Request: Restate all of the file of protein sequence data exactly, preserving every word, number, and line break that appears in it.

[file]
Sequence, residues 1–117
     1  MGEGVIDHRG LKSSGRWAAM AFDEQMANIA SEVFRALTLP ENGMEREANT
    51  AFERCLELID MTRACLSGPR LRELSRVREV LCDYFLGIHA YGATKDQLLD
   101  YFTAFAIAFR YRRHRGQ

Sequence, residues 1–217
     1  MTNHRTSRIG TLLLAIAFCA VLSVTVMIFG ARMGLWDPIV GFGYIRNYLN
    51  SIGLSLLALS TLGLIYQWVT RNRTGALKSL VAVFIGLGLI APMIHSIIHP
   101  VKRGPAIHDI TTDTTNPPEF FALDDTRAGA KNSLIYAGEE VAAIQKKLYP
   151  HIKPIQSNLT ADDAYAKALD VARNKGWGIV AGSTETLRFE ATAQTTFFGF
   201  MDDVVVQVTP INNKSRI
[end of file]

Sequence, residues 1–117
     1  MGEGVIDHRG LKSSGRWAAM AFDEQMANIA SEVFRALTLP ENGMEREANT
    51  AFERCLELID MTRACLSGPR LRELSRVREV LCDYFLGIHA YGATKDQLLD
   101  YFTAFAIAFR YRRHRGQ

Sequence, residues 1–217
     1  MTNHRTSRIG TLLLAIAFCA VLSVTVMIFG ARMGLWDPIV GFGYIRNYLN
    51  SIGLSLLALS TLGLIYQWVT RNRTGALKSL VAVFIGLGLI APMIHSIIHP
   101  VKRGPAIHDI TTDTTNPPEF FALDDTRAGA KNSLIYAGEE VAAIQKKLYP
   151  HIKPIQSNLT ADDAYAKALD VARNKGWGIV AGSTETLRFE ATAQTTFFGF
   201  MDDVVVQVTP INNKSRI